I never expected to see such scenes at a temple. Young men and women competing with each other for some of the colourfully wrapped coins thrown by newly ordained monks (click movie above).
These coins, given earlier during the morning and thrown back by the young novices, are symbols of good luck and a blessing to those that catch them, mostly family and friends who keep them at home, safe, forever. The western tradition of the bride throwing flowers over her shoulder at weddings and the favourable destiny that this bestows upon the recipients rings the same bell.
My local temple, as mentioned in many previous blogs, Wat Bowonniwet Vihara, recently ordained a Thai colleague of mine. Observing some of the initial ‘hands-on’ rites of passage necessary to begin the path of Dhamma is fascinating.
The length of time young men will spend as a monk can be as little as one month or act as a catalyst for a lifetime of practice. Some will accept this shorter period out of respect for their family members, past and present.
From this day on the short-term novice monk follows 10 precepts or rules: don’t kill, steal, have sex, lie, drink beer and wine, eat after noon, sing and dance, wear hats or watches, sleep on a soft bed and accept a lot of money. This is given in Pali language (language of many of the earliest extant buddhist scriptures of Theravada Buddhism in Sri Lanka – the oldest form – as collected in the Pali Canon or Tipitaka).
Older monks live under 227 precepts. Ben, from New Zealand, spent over three months in the robes and confirmed that maintaining this discipline is indeed tough. During his alms round (accepting food and drink from the locals) along the 400 metre party strip of Khao San Road, he tip-toed over the remnants of a big night out… tip-toeing is a strict no-no.
The ceremony begins after the temple monks have eaten their food (there is no meal after noon). The novice signs the acceptance form and prepares for the hair-cutting rite. Seated, surrounded by friends and family, the parents begin by cutting a snip of hair and placing it into a banana leaf container. Other family members, followed by friends, each take their turn in cutting a slither of hair until everyone has participated. Familiar with various levels of hirsute-ness myself, I was enjoying the rather intimate, collective removal of this most vainly held bodily possession.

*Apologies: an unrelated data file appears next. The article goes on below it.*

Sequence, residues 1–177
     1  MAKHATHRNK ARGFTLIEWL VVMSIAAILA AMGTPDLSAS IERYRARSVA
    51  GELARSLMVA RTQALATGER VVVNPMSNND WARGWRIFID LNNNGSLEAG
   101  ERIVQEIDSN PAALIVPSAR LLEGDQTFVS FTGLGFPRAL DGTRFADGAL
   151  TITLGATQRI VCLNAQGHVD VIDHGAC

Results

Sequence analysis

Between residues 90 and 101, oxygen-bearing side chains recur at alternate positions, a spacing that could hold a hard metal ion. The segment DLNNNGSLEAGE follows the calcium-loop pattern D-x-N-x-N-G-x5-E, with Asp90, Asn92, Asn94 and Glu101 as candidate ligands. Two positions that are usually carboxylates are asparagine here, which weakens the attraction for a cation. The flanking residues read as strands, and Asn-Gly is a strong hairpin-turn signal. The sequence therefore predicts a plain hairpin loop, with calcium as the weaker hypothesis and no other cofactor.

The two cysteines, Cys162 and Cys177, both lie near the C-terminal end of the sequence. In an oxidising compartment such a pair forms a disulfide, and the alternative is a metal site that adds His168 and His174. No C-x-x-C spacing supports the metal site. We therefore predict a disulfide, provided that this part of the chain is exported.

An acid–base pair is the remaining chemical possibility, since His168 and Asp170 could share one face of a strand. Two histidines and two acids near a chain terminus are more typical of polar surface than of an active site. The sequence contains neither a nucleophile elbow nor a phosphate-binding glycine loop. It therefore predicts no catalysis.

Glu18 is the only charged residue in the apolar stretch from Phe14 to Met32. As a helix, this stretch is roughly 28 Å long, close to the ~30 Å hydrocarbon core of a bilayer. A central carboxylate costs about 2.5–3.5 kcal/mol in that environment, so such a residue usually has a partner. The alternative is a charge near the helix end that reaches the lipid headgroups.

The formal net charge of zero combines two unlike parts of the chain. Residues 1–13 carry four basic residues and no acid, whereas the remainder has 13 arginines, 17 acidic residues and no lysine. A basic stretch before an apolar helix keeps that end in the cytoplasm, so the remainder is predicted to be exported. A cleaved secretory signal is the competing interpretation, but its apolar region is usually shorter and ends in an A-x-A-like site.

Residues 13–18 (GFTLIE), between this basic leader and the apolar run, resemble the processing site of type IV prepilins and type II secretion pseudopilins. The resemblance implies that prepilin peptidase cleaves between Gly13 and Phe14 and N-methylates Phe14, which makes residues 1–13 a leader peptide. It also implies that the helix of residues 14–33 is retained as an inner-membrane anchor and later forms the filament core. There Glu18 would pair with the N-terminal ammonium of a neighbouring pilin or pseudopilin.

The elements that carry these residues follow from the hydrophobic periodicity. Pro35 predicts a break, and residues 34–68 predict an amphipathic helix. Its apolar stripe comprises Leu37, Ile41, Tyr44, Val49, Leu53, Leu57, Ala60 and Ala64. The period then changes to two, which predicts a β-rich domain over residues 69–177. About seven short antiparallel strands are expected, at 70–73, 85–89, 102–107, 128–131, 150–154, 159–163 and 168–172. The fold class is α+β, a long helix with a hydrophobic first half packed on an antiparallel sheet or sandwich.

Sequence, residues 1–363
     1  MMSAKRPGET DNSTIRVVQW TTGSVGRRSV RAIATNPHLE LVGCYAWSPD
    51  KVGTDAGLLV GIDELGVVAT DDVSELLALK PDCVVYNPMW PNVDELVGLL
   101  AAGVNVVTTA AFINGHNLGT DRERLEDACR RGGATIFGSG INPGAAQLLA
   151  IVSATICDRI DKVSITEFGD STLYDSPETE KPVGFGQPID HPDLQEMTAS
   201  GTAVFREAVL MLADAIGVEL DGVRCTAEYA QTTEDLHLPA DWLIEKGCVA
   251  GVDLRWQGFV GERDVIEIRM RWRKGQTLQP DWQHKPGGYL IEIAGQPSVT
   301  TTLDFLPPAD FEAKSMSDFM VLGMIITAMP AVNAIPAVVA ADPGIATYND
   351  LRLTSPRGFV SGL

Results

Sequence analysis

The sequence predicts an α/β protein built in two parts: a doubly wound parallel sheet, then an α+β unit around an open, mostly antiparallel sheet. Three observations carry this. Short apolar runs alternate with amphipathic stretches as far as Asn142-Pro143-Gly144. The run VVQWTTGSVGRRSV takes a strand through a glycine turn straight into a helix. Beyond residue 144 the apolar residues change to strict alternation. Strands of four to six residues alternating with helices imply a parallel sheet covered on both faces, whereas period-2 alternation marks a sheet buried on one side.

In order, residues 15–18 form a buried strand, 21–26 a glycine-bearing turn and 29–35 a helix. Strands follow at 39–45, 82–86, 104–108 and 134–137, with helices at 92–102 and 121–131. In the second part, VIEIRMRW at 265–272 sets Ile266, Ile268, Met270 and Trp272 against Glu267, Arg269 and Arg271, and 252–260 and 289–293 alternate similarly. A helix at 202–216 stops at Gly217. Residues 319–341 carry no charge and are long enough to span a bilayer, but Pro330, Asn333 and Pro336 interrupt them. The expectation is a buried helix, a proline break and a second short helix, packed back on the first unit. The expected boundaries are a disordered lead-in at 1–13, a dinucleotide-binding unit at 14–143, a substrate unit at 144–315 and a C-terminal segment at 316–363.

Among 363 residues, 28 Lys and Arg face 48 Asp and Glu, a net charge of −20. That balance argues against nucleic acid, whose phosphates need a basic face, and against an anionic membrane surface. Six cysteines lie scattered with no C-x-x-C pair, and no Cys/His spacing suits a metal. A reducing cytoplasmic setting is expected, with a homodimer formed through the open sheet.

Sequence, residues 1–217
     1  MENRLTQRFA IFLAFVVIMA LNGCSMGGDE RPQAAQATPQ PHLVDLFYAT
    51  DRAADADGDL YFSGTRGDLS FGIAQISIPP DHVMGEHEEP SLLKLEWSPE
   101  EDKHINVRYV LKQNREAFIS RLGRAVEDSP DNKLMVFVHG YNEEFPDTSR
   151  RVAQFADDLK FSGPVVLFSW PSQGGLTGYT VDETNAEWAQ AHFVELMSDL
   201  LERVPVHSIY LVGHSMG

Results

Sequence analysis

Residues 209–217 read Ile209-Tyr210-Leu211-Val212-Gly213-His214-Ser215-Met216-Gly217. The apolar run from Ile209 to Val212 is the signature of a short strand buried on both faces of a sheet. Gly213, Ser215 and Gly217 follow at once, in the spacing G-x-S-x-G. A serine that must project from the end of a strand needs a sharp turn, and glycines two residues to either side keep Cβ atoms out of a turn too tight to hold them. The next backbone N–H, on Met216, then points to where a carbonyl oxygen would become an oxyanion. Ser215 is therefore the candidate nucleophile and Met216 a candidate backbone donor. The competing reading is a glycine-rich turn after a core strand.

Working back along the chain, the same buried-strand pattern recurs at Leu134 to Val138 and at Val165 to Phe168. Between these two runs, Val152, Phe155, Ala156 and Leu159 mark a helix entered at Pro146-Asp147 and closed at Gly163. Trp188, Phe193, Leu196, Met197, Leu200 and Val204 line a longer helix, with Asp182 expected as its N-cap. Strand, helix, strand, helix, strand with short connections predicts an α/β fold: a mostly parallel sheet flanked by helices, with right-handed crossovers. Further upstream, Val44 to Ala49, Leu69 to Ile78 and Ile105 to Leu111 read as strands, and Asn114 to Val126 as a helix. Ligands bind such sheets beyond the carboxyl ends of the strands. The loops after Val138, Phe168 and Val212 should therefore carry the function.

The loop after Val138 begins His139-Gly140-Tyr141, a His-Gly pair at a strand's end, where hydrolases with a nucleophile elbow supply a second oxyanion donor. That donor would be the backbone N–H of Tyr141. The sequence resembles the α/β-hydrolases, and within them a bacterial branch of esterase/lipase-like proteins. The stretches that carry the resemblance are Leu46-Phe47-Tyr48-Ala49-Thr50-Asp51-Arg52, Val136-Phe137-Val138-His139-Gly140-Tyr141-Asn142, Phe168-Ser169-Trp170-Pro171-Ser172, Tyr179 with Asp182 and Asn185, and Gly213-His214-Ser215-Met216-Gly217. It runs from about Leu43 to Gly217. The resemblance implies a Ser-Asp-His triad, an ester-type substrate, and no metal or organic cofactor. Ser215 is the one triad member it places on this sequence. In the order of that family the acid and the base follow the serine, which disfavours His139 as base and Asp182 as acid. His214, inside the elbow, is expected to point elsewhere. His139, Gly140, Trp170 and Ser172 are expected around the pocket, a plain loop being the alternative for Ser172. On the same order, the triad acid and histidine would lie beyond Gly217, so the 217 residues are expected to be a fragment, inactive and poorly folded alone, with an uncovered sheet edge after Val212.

Next, the novice washes his hair before the supervising monk begins to remove it (and the eyebrows) with the razor. Nothing symbolises the surrender to the path quite so explicitly as this.
The novice is then dressed in white robes and allowed photo-sessions with onlookers during which coins are donated in golden vessels for the next rite – coin tossing.
In a nearby ordination hall, a riot of outstretched arms reaching for beautifully wrapped coins (in flower forms, see video above) being tossed in all directions by the young, freshly shaven men was in full swing. I saw two men squatting on the ground with a bag collecting the fallen coins before the a bona-fide recipients (relatives of the soon-to-be novice monks) have a chance to pick them up. At first this seemed most uncharitable, but from the temple’s perspective coins are given as a donation back to lay people from all walks of life.
The elderly remained out of the action, and the sun, in a shaded area, hoping that a representative of their family brings home the coinage for keeps.
The ordination ceremony formalities continue in the main temple building. Novices recite the Precepts in Pali and change into the familiar orange robes that will see them walk the streets of Bangkok receiving alms from locals, barefoot at the crack of dawn.
© Warren Field 2013